and SaaS. Government customers will sign premises infrastructure, all users will have a consistent experience.
up for SaaS through an online applications
store modeled after Apple’s App Store. G- Cisco WebEx Collaboration Cloud
Cloud is helping the government achieve 10
strategic goals: Cisco’s Webex Collaboration Cloud provides a real-time, global software-
● Standardize and simplify the desktop. as-a-service (SaaS) cloud that delivers Cisco Webex collaboration
● Standardize networks. applications with fast, reliable, and highly secure performance.
● Rationalize data centers.
● Commit to open source, open Public sector as well as private sector organizations utilize the secure
standards, and reusability. WebEx Collaboration Cloud for email, instant messaging, and multimedia
● Make IT greener.
conferencing. The WebEx Collaboration Cloud is a private, global network
● Strengthen information security and
owned and operated by Cisco. The secure infrastructure comprises
● Offer shared services, such as payroll, multiple fully redundant data centers strategically located near major
human resources management, and Internet access points around the world, and uses dedicated high-
enterprise resource planning.
● Provide reliable project delivery.
bandwidth fiber to route traffic around the world.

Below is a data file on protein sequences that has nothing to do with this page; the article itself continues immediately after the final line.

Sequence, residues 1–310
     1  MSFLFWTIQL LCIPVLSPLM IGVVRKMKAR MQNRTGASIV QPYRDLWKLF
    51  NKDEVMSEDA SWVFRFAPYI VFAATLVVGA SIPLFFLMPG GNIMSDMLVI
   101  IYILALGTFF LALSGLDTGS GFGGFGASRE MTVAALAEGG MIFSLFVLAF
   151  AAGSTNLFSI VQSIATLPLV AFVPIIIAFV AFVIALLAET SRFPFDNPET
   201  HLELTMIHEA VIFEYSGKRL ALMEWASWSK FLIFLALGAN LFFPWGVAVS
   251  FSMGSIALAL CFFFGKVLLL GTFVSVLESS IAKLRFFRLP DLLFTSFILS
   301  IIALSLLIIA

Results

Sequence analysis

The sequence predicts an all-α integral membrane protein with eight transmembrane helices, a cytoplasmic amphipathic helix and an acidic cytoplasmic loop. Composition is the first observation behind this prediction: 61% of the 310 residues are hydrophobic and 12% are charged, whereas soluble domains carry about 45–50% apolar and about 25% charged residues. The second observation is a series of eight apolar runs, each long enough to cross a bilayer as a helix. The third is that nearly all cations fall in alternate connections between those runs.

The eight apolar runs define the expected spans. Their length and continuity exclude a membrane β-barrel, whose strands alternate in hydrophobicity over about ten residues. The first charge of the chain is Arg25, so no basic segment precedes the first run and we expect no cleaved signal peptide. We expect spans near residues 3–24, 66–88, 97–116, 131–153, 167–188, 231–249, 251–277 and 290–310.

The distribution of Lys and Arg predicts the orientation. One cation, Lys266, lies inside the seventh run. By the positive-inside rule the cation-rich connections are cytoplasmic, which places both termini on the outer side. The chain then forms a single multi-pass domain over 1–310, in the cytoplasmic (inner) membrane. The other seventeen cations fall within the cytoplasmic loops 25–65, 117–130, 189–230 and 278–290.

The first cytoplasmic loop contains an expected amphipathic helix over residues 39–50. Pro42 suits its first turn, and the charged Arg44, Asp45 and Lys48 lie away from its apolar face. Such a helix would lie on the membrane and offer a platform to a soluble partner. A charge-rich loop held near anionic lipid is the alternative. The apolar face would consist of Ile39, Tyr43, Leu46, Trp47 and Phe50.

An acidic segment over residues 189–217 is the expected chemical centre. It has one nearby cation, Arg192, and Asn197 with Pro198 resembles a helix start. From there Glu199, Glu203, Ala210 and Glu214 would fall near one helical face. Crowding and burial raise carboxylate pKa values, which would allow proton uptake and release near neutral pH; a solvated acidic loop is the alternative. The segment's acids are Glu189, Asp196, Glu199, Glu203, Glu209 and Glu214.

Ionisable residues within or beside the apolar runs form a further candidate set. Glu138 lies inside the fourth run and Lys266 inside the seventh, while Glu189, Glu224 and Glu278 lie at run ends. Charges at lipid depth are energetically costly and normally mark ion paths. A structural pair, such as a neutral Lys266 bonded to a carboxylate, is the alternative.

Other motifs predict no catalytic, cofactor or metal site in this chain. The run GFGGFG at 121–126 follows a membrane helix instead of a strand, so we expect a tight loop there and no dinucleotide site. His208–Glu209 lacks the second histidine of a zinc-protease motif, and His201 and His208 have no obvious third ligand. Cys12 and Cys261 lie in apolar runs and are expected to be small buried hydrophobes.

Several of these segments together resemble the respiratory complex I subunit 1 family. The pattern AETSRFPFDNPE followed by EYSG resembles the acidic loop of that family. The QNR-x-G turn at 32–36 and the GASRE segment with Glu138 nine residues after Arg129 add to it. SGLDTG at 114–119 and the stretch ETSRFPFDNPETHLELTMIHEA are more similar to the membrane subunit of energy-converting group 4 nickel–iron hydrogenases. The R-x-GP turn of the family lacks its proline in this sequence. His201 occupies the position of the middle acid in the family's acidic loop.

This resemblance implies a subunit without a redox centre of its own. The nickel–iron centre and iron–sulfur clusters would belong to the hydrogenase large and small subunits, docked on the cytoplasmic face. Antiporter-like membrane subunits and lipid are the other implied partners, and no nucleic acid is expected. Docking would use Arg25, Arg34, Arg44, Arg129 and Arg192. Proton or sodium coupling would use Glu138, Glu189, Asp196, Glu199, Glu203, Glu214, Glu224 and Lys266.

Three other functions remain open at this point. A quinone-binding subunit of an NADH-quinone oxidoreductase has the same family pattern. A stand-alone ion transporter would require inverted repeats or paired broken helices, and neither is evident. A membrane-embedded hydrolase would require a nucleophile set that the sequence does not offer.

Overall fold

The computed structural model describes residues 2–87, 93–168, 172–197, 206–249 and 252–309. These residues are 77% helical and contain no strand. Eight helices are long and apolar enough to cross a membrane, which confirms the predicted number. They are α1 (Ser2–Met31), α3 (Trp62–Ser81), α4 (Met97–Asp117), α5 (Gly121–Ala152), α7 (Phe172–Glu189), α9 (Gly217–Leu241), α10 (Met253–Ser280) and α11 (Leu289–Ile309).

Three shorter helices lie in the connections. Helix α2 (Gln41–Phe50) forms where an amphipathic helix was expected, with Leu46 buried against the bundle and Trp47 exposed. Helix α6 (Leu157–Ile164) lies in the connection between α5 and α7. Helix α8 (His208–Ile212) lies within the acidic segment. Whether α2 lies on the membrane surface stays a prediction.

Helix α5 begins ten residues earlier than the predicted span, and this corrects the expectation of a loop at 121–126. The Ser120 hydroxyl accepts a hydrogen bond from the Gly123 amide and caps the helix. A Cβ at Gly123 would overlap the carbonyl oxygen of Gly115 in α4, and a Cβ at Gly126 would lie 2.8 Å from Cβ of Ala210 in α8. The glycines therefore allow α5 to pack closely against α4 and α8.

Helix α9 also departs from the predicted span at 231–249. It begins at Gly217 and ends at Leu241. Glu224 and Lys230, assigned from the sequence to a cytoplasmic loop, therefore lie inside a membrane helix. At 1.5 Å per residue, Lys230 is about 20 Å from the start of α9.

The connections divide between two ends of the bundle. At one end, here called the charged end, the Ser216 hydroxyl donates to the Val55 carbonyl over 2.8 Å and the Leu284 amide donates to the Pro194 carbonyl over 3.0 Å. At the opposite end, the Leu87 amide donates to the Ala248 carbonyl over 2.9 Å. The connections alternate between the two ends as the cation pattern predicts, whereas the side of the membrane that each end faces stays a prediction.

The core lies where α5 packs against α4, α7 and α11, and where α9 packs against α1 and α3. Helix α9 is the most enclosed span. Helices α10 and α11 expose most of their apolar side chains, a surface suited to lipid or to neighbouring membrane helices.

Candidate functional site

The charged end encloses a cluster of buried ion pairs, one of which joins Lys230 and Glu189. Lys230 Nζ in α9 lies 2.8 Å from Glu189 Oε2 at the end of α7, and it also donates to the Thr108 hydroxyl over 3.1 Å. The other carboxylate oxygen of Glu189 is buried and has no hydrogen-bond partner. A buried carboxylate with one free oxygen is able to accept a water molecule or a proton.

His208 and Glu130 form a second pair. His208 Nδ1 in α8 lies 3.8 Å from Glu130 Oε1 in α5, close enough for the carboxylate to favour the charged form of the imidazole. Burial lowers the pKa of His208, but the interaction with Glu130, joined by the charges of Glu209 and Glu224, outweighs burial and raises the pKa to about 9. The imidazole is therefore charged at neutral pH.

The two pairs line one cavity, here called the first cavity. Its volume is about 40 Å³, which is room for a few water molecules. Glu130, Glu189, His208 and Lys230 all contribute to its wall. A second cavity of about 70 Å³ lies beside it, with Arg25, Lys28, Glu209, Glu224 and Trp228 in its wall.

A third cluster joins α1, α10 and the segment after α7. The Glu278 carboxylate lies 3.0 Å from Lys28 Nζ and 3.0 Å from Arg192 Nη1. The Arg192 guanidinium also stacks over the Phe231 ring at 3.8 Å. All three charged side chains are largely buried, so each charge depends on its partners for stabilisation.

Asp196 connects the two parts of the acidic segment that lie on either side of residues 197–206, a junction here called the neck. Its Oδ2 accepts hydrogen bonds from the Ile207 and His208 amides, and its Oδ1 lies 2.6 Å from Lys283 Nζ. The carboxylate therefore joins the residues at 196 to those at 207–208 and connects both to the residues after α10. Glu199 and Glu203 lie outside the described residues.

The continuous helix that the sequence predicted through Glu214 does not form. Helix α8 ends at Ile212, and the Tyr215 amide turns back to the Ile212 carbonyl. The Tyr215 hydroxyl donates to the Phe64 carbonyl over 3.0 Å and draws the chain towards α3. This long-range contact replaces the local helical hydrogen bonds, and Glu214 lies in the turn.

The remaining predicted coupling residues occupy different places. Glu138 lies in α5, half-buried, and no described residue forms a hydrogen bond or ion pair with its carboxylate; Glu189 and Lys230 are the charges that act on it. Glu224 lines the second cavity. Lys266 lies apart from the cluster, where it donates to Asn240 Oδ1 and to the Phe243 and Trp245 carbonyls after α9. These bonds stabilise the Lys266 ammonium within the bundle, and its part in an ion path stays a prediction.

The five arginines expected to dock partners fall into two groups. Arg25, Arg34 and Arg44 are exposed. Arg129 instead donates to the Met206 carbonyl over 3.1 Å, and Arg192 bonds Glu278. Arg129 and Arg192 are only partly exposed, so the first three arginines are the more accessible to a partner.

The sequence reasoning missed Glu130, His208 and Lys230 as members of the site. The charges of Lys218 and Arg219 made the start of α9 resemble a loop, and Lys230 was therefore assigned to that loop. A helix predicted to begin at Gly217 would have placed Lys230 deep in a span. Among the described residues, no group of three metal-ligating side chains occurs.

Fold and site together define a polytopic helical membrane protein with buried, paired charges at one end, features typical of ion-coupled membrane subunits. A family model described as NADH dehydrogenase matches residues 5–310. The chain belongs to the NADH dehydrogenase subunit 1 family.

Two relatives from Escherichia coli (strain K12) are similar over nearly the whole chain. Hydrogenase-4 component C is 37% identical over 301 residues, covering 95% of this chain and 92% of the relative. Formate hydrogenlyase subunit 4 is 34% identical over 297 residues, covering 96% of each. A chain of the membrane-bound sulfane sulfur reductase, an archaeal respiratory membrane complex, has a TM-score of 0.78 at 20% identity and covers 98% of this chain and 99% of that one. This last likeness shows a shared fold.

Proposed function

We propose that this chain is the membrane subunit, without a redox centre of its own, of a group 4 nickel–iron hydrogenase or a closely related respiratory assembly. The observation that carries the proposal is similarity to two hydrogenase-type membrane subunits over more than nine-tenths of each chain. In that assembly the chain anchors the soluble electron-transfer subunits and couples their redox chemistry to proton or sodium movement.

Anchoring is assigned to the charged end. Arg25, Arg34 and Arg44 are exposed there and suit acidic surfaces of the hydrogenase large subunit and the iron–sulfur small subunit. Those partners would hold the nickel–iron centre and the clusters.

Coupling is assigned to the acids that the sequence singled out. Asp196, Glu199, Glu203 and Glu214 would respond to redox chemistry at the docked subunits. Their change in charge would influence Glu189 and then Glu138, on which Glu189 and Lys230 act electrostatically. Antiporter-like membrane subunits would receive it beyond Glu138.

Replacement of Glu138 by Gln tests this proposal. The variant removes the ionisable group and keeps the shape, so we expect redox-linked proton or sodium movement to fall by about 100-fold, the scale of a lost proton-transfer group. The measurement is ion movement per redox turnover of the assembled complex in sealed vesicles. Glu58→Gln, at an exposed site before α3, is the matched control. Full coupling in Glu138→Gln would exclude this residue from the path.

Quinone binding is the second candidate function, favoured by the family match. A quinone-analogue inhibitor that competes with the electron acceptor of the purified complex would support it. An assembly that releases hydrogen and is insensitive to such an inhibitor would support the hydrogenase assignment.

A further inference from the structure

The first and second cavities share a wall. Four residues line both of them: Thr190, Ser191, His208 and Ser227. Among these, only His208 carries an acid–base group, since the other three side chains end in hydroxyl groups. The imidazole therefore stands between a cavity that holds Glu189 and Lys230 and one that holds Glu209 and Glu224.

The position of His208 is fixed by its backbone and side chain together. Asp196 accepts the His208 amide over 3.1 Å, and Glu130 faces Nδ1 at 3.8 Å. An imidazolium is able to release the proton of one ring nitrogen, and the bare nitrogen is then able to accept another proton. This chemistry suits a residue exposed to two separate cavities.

● Manage suppliers.
The WebEx Collaboration Cloud protects data confidentiality from end to
● Transform IT-enabled business
processes. end, using multilayered security:
Sources of expected cost savings include
● Protects physical sites and enforces stringent controls over
reduction of the more than 10,000 software
applications used in government, personnel that administer and manage the service
consolidation from 130 data centers to
approximately 12, and increased server ● Safeguards message transport between desktop, mobile devices
and the WebEx Collaboration Cloud
Japan: Kasumigaseki Government
Cloud ● Restricts access to user files and communications, authenticates
Japan’s government wants to deliver users to determine appropriate privileges and service permissions,
government services more efficiently. As
part of the effort, Japan’s Ministry of and enforces collaboration policies for each agency
Internal Affairs and Communications is
building a massive cloud computing
In summary, Cisco Hosted Collaboration Cloud options provides
infrastructure to consolidate all government government agencies flexibility in deployment options and the benefits of
IT systems. Tentatively called the
Kasumigaseki Cloud, the cloud will be built a secure, converged IP communications network without having to own,
in stages, completing in 2015, with the manage and maintain the hardware and software needed to support